You’ll be expected to feed our puppies the recommended food, Nature’s Select High Premium Pet Food. Most of our Service Dogs will be large dogs – over 45 lbs, and large dogs grow a LOT their first year. Excellent food is critical to their skeletal and muscular development. We carefully chose to partner with Nature’s Select Premium Pet Food. They use only local ingredients (they’re in California), and in 29 years have never had a food recall.
You’ll be expected to attend hour long weekly classes led by our Trainers for the first 12 months you have the puppy. Our trainers will visit your home once a week to conduct private sessions the first year. After that, the classes, and private sessions will go to twice a month until the puppy begins Formal Training (around 18 months, depending on their maturity level). The pup will go to live with our Head Trainer once they begin Formal Training.
Our classes will teach you how to teach the puppy Basic Obedience skills to a higher level that would qualify the puppy to be a Canine Good Citizen per American Kennel Club standards. You will learn a lot of dogmanship raising a Service Dog puppy!
The puppy will be taught some basic service cues – Under (since Service Dogs need to go under tables to get out of the way in restaurants and other public places), Get Busy (to eliminate on cue), Close (to come to your side), Fetch (as our recipients tend to drop items0, Touch (to push elevator buttons, turn on lights, open or close drawers), Look (to focus on the handler’s face), Leave it (to ignore any unwanted distraction, or leave food and other enticements alone), Close (to walk closely to you), Door Manners (sitting before a door is opened and waiting to go through until released), Food Bowl Manners (waiting until released as our recipients may struggle to prepare and set down food bowl), Front (standing in front of you, facing you), Back (next step after Front for pup to go through a narrow door, enter a crowded elevator), and a Rock Solid Stay.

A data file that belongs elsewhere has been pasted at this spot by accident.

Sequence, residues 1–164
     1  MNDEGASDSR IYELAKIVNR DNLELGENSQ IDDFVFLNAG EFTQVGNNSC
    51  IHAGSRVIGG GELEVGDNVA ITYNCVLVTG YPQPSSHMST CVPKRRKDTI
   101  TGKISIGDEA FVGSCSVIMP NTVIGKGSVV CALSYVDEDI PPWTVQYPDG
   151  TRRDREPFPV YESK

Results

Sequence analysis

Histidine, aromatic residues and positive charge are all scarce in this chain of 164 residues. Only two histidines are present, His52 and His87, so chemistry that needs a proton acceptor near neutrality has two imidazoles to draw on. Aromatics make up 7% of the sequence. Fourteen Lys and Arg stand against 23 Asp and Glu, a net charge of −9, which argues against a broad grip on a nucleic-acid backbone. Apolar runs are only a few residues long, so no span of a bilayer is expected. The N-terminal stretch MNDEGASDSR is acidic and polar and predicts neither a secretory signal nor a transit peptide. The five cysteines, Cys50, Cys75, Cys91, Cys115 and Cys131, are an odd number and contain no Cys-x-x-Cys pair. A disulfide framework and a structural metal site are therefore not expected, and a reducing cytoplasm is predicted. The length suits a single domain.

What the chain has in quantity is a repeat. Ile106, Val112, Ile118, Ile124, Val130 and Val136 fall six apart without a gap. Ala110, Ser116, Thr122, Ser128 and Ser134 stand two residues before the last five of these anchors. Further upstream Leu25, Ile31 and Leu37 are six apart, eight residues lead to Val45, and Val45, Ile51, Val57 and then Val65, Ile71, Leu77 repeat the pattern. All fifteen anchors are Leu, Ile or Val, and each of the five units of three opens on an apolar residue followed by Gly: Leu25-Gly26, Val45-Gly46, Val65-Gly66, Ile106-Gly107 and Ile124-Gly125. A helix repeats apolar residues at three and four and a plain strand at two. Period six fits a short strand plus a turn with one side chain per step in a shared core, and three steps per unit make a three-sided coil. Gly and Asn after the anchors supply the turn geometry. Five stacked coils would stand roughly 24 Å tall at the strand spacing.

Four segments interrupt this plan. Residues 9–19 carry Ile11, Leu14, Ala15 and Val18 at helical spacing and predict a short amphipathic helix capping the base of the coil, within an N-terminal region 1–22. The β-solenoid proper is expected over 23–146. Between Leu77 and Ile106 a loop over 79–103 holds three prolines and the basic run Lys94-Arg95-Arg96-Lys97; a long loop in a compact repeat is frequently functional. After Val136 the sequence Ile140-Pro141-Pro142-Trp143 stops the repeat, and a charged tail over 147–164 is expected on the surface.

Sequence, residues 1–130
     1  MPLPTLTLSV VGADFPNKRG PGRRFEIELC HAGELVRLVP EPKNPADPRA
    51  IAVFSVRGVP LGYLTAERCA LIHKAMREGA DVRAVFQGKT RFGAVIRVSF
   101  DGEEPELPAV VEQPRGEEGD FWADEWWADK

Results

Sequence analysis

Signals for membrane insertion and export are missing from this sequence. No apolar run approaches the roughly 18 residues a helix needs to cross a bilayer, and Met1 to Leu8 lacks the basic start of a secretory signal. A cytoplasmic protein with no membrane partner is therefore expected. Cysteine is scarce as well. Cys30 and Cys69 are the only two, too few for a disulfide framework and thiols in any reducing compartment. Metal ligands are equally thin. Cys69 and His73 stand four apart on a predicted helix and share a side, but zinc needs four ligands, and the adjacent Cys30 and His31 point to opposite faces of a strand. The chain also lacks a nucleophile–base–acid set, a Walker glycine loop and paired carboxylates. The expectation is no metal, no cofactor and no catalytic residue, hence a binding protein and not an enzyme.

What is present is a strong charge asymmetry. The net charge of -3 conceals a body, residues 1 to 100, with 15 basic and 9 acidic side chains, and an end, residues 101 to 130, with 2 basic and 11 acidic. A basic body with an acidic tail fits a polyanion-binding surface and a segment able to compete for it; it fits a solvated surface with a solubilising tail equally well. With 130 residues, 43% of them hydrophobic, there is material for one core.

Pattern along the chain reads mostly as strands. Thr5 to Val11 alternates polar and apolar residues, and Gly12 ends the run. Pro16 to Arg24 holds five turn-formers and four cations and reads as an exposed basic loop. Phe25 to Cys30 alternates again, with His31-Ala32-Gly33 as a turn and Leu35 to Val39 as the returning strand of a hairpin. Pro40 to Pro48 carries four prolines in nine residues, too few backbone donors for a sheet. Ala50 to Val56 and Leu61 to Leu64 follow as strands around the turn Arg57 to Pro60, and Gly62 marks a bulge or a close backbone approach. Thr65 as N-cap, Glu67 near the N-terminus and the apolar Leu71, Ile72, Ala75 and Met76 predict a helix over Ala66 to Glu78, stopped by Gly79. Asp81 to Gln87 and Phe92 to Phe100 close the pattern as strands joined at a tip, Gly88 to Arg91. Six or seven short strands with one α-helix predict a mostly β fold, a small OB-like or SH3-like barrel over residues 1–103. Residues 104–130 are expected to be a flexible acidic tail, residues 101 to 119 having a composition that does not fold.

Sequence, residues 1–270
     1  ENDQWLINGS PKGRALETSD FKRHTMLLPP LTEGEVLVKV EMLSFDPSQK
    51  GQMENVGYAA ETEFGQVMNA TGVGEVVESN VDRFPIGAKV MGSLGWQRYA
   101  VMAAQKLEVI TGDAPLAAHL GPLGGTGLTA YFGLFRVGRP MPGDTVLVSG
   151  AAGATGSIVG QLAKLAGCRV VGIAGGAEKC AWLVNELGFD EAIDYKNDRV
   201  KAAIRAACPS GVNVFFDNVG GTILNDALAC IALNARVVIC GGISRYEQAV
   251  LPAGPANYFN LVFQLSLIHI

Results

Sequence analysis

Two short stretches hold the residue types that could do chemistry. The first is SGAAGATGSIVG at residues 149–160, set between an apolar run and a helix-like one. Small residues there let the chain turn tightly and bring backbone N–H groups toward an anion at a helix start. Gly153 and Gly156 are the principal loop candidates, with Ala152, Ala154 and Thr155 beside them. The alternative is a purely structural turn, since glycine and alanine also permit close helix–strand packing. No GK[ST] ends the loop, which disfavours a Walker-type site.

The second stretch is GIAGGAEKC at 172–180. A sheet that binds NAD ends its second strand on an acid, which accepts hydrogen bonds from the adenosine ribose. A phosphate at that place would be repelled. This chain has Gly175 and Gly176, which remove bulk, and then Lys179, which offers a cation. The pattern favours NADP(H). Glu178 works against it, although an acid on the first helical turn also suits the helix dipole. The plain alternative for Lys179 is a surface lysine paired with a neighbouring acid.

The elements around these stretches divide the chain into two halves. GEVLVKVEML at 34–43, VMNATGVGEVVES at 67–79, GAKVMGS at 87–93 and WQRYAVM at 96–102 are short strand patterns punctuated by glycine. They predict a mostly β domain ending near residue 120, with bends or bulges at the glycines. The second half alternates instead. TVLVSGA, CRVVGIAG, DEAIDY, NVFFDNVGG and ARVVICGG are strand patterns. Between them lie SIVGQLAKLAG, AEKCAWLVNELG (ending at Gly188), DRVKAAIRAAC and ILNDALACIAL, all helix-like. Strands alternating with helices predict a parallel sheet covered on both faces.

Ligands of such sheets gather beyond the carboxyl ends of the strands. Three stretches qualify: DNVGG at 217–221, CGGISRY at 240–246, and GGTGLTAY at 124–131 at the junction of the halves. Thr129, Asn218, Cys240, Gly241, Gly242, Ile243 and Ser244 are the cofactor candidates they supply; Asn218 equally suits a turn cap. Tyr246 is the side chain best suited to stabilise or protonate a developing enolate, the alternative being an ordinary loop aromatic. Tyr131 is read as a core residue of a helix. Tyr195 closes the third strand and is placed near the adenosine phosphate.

Our Trainers are kind, patient, fun, enthusiastic, and extremely knowledgeable teachers, who will also be available to you via email or phone. You’ll receive our Puppy Raising Manual as a guide, and books will be recommended if you want to do further reading to learn more about dogs.
Raising a service dog puppy means short sessions of daily training and frequent socializing (taking them to new, novel situations to expand their confidence and ability to navigate the situation successfully). It means walking them, not only for exercise, but also to teach them to walk well and to stimulate them mentally, and exercising the puppy sufficiently to release their huge amounts of energy! (This usually involves running in a safe area without other dogs.) Because our recipients tend to have little body strength, the puppy will wear either a Gentle Leader, or a Freedom Harness, to prevent pulling.
Raising a service dog puppy means giving them lots of love, down time just chilling together, and playtime. We encourage you to keep a crate in your bedroom so they sleep close to you. The puppy needs to learn to bond closely to humans, to love and trust humans deeply. We teach you to gain eye contact between you and the puppy, so the puppy is responsive and isn’t focused on something else when you’re working with them. It’s a very deep, rewarding connection for both you and the puppy!
Putnam Service Dogs adopts their puppies from Partner Rescue Groups, frequently just before a Puppy Raising class begins. Puppies learn the most between the ages of 3-16 weeks, so no time will be wasted holding dogs before they’re passed out to their raisers! The puppies will mostly be between 10-14 weeks, and will probably be lab, shepherd, or golden retriever mixes. Our recipients need dogs they can easily touch sitting in their wheel chairs, and good retrievers to fetch their dropped items. These breeds train easily. Hearing Alert dogs may be smaller dogs.
Putnam Service Dogs maintains ownership of the dog, unless it’s released and adopted out. This gives PSD the right to remove a puppy/service dog if neglect or abuse are discovered. This includes not adequately exercising the puppy, or mentally stimulating it through socialization and daily training. Putnam Service Dogs will cover the majority of expenses – all adoption fees, all vet fees and medications, crates, and most of the other required supplies. You will be asked to cover food, toys and some supplies expense.
Below is a link to apply. Hope you’ll join our team! Our Puppy Raisers are truly indispensable. We can’t produce Service Dogs without our volunteer puppy raisers. Thanks for your interest and support of our organization and cause!